And it gets cooler – breast milk is frequently considered in Tibetan medicine. Given the increased rates of illness and mortality among high altitude living populations, including Tibetans (although genetic adaptations increase survival compared to more recent migrant groups) there considerable treatment of infant health in traditional Tibetan medicine. Amchi, trained Tibetan medical practitioners, even include mother’s milk in their analyses of infant illness, testing milk for its color and its suspension in water as measure of humoral balance (Wiley, 2004). This is actually pretty interesting, because milk with more immune proteins or fat should have a different color and density. We’ll be finding out more about this practice.
But the real meat of the study will be the work with the mothers and infants. Our plan is to conduct interviews on mothers about their health, their beliefs and practices regarding infant feeding, their diets, and their infants’ health and diets. Interviews will be coupled with anthropometric measurements (measurements of weight, height, and body fat) on both mothers and infants. We’ll be investigating how maternal physiology and environmental pressures influence milk composition and how milk composition in turn may be associated with specific aspects of infant growth, such as increased body fat. We know it is energetically expensive to be a mother anywhere, and even more so at high altitude, where low oxygen induces a state of chronic hypoxia, it is often quite cold, food supplies may be limited and not very diverse, and we know that women have increased metabolic rates, possibly as a result of adaptations to hypoxia or cold stress (Beall, 1981). We want to know how they balance these increased energy demands over multiple pregnancies and if there is 1) an association between maternal physiology and the nutrients and hormones in milk and 2) we want to know if differences in the milk predict differences in infant size and health.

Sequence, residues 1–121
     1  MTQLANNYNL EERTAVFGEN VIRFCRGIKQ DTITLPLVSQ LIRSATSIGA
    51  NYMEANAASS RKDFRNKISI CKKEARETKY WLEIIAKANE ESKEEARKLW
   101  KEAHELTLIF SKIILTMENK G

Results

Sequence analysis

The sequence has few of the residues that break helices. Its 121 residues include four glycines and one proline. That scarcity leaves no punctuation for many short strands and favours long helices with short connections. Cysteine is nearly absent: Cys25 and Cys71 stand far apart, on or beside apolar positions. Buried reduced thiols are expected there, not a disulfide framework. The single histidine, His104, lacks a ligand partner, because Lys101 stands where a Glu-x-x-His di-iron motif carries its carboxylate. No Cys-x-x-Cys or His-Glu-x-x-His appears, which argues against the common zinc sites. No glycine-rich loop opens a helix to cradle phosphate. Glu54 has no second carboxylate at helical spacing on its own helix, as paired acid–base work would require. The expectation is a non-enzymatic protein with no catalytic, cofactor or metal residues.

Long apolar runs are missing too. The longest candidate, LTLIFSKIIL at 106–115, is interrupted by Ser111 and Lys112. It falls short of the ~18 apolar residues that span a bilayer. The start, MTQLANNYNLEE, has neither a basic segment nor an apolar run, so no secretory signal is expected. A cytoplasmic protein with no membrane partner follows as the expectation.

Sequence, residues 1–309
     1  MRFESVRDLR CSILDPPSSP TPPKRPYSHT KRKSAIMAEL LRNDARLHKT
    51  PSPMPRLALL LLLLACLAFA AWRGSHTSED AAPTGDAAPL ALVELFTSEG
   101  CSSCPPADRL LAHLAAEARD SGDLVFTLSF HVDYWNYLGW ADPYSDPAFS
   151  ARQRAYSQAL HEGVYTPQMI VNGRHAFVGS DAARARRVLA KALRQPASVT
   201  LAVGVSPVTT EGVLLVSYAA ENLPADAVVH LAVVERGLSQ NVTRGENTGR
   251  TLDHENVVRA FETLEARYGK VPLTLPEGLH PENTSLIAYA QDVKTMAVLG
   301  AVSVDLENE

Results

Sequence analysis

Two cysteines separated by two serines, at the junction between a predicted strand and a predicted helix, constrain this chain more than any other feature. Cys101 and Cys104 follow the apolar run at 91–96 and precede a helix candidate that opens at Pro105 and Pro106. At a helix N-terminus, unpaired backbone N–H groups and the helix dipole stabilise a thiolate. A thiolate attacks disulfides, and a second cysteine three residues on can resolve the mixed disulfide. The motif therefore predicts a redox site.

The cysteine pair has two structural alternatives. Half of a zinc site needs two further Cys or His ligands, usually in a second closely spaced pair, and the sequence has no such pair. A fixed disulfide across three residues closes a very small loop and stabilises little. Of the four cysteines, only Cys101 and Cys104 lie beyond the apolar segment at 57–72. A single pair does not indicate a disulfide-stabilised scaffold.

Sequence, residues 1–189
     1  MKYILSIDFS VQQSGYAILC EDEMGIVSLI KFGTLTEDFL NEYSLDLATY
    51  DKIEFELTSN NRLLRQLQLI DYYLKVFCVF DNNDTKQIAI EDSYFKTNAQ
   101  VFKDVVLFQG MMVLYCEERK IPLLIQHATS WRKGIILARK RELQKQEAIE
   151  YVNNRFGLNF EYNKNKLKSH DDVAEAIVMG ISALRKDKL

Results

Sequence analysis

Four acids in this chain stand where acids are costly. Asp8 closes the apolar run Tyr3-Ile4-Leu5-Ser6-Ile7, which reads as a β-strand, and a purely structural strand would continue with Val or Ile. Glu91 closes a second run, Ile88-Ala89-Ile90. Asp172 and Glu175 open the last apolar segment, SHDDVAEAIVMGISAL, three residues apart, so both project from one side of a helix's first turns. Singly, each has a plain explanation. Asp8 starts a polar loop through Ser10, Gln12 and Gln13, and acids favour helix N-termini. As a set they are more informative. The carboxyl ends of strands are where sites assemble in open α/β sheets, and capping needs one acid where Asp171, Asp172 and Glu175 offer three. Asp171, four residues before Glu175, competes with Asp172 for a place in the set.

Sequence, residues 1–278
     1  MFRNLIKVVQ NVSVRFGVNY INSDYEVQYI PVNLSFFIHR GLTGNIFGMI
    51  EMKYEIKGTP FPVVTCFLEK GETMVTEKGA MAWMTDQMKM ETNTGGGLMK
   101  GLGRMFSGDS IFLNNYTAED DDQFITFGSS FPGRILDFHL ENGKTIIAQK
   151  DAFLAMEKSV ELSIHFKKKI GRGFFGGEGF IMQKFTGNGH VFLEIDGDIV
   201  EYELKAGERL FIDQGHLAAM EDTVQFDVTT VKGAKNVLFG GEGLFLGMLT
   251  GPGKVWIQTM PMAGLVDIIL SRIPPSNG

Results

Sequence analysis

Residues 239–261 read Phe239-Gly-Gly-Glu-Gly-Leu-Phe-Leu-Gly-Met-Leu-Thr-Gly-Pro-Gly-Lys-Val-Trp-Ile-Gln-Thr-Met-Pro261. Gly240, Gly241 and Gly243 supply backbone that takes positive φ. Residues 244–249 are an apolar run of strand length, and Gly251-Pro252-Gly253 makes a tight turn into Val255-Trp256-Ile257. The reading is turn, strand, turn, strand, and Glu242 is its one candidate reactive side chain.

Want to help? Head over to Microryza and sponsor Milk with altitude – or one of the other great projects over there! Want to donate to NepalSEEDS directly? Head here and help them keep doing great work not only in Nubri but throughout Nepal.
Just here for the science? Part 4 of our 4 part series on breastfeeding, this time focused on the infant side of the breastfeeding relationship will be up at the end of the week.
And as always, thanks for reading & supporting science!
Beall, C.M. (1981) Growth in a population of Tibetan origin at high altitude. Ann Hum Biol, 8(1):31-8.Childs, G. (2004) Tibetan Diary: From Birth to Death and Beyond in a Himalayan Valley of Nepal. Berkeley: University of California Press.
Dang S, Yan H, Yamamoto S, Wang X, Zeng L.(2005) Feeding practice among younger Tibetan children living at high altitudes. Eur J Clin Nutr. 59(9):1022-9.
Hassiotou F, Beltran A, Chetwynd E, Stuebe AM, Twigger AJ, Metzger P, Trengove N, Lai CT, Filgueira L, Blancafort P, Hartmann PE. (2012) Breastmilk is a novel source of stem cells with multilineage differentiation potential. Stem Cells 30(10):2164-74. doi: 10.1002/stem.1188.
Wiley AS (2004) An ecology of high altitude infancy. Cambridge University Press.